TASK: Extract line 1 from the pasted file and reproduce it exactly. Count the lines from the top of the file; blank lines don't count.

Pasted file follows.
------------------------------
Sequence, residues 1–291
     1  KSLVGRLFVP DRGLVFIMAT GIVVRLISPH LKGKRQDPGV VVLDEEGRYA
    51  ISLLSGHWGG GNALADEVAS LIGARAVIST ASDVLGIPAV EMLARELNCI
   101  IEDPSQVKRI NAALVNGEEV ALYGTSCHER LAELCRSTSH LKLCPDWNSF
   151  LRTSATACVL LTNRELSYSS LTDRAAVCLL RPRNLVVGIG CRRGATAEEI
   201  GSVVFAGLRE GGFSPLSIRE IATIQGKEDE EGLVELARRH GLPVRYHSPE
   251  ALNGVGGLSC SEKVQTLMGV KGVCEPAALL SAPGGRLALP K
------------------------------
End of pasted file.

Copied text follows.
Sequence, residues 1–291